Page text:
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Simple steps to stay warm in a cold house

Dress warm, turn down the thermostat and watch your bill shrink.

By Karen Datko Sep 30, 2009 1:18AM

Kate at Living the Frugal Life has some tips that remind us of a Montana winter years ago. Making little money early in our career, we set the thermostat at 60 degrees. That was that.


Years later, when hard times hit, we reverted to those frugal ways. To this day, the programmable thermostat never goes above 63 in winter. Do we sometimes get cold? Yes. Do we suffer? No. We know that Kate's advice works. 

We recently found Kate's blog and enjoy it because it's so real. Unlike personal-finance writers who assemble advice in the comfort of fine homes, she's living a sustainable suburban homestead life.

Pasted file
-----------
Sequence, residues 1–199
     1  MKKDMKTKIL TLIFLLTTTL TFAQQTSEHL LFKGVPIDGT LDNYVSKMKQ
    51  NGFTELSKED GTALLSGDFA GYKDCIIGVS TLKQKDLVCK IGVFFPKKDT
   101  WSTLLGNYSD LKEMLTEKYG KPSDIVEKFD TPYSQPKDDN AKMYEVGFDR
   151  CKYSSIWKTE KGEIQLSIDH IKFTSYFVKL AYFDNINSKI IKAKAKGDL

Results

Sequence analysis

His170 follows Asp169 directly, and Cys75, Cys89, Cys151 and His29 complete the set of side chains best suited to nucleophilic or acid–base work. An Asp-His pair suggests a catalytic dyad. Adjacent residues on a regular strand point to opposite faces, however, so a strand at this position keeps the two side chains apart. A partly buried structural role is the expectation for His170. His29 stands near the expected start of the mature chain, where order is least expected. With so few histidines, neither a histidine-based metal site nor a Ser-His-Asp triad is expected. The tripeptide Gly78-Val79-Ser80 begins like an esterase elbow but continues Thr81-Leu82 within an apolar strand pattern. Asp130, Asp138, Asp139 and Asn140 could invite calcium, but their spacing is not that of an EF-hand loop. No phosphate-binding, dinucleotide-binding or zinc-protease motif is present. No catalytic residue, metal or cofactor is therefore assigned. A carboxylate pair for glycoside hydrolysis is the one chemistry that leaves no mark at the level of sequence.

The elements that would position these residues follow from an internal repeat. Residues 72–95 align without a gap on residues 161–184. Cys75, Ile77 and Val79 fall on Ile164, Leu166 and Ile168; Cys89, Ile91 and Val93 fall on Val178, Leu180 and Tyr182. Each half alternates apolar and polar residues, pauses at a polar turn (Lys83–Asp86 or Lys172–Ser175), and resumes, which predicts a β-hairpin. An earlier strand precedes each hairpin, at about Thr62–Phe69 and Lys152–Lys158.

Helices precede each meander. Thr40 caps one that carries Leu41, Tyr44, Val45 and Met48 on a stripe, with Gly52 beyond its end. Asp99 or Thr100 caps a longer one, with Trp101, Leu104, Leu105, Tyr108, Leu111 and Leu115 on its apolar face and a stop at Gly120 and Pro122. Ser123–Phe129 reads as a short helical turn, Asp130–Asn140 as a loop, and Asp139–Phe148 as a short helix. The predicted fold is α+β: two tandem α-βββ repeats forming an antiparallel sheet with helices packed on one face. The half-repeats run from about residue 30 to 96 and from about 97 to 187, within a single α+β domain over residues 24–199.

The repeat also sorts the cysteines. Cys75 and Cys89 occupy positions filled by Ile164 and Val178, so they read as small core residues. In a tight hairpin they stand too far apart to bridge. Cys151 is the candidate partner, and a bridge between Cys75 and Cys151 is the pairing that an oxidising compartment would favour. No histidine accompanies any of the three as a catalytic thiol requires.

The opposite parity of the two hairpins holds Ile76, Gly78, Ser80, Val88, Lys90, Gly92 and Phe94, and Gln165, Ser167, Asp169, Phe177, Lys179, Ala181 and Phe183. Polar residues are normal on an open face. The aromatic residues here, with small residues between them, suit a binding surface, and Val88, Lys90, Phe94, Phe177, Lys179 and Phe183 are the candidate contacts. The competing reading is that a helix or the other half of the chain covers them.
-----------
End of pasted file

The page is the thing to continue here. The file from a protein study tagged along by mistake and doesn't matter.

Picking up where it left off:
These simple personal tips will help if you're among those trading warmer houses for lower energy costs. (For more ideas about cutting the power bill, read "13 easy, inexpensive ways to go green" and "10 easy ways to 'green' your house.")

  • Layer your clothes. She's admittedly a wuss so she wears fingerless gloves and a hat in the house. Extreme? Perhaps. We've been thinking about those old-fashioned sleeping hats.

  • Get active when you feel cold. Hand wash dishes, use the vacuum cleaner. She sometimes puts dance music on the stereo to warm up.

  • Use the oven. Another post by Kate explains how to maximize use of your oven by baking several things at a time. After you turn it off, leave the door open.

  • Eat or drink something hot. That's a normal part of our day now that winter weather is here. After our fill of hot coffee, we switch to tea.

  • Don't pour hot cooking water down the drain. When we make pasta, which we do a lot, we lift it with tongs (thank you, Mario Batali) and deposit it in the sauce. The hot water stays on the stove until it cools.

Published Nov. 14, 2008
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